UPDATED ON April 19 2024

10 Sure-Fire Strategies to Boost Fly Fishing Success this Spring

by Ed Huddon

10) Practice Makes Perfect

Odds are you stowed your fly rod this past October or November and haven't seen it since. For many of us, it has been 5 or 6 months since we picked up a fly rod. 

I don’t know about you, but over the winter months, my “muscle memory” tends to fade and requires just a few minutes a day of lawn casting to bring it back. Much of our fly casting success depends upon timing and feeling the rod load and unload with each stroke of the fly rod. That’s where muscle memory comes in.

Right now is an excellent time to take a fly casting lesson. Whether you are just starting out and need to learn the basics, or you want to work on your double haul, there are many opportunities to take either a group or private lesson. Go to your local fly shop, or contact a fishing club – most likely they have information on local talent that is available for lessons.

Cape Cod fly fishing lessons are available through organizations like Cape Cod Trout Unlimited and Cape Fly Fishing School.

9) Clean Fly Lines Cast Further

It almost goes without saying that clean, well maintained equipment will perform best. The saltwater fishing environment is harsh, and neglected gear will quickly deteriorate if not cleaned and maintained. Spring is a good time to clean and inspect your fly lines.

Here's how to clean your fly lines:

  • Strip your line into a bucket filled with warm soapy water and pass the line through a soft cotton cloth as you strip it into another bucket filled with clean rinsing water.
  • Empty the first bucket and dry it.
  • Moisten the soft cotton cloth with a line dressing solution.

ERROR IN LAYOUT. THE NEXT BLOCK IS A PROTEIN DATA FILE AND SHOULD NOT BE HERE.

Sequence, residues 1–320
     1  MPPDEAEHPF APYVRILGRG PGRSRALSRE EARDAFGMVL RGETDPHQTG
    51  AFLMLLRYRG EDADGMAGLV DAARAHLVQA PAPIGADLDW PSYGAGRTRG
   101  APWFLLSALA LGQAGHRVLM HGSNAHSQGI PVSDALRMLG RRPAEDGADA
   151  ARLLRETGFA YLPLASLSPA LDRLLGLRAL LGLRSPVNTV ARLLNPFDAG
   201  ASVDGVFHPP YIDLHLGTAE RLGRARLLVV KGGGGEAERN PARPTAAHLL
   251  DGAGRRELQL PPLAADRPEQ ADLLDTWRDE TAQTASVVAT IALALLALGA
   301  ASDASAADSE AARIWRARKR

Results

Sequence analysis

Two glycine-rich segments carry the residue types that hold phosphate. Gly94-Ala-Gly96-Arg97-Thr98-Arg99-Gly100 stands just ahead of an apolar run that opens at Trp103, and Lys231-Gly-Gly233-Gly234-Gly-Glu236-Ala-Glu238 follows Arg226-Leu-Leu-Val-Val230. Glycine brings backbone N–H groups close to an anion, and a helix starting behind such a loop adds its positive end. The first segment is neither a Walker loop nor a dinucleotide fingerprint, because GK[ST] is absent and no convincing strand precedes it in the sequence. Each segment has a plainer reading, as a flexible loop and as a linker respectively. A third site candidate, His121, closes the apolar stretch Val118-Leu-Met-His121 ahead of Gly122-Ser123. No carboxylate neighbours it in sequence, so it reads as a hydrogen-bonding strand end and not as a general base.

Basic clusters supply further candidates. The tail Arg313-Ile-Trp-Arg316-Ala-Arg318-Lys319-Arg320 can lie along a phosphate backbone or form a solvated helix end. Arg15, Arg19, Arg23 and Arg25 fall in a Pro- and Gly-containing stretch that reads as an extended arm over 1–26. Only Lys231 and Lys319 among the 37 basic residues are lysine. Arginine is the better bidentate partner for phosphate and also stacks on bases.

• Reverse the process by passing your line back through a soft cotton cloth into the dry bucket.
  • Wind your line back onto your reel.

Cleaning your fly lines does not take long, and should become a regular part of your routine when you return from a trip to the salt.

8) Get Out & Scout

The Cape's coast takes a pounding this winter. A warm spring day is a great time to pack up the family, dog(s), and head to the beachfront to see what's changed.  

While you stroll, take some time to look around. Notice new sand bars which may have formed in new areas.  Take note of other bars that have moved or disappeared.

Pay attention to how the current is progressing along the beachfront – it may be quite different from last season.  Check out your favorite boulder fields and notice what changes have taken place during the winter.   You will be better prepared for your first day on the water this spring if you take time to get out and scout.

7) Share Some Information

I firmly believe that the sport of fly fishing is best enjoyed when it can be shared with others. While I have nothing against public internet bulletin board sites (I use a couple with regularity) I have found that anyone who makes an attempt to share specific intel on fish movement, or successful spots, is opening themselves up to a rash of caustic comments and private messages.

A circle of trusted friends that openly share their successes and failures is a valuable tool for improving your success this spring. When we consider the drastic changes that can happen to our seacoast during the offseason, it makes sense to share what we find and enhance the success of everybody in your fishing circle.

*Sharing honest intel and helpful info is what the My Fishing Cape Cod forum is all about.

6) Check Your Flies

cheeky fly fishing tournament fly

If you ask ten fly casters “what is the best fly for early May fishing," you will likely get ten different answers!  There are so many fly patterns on the market these days – how do we know where to start?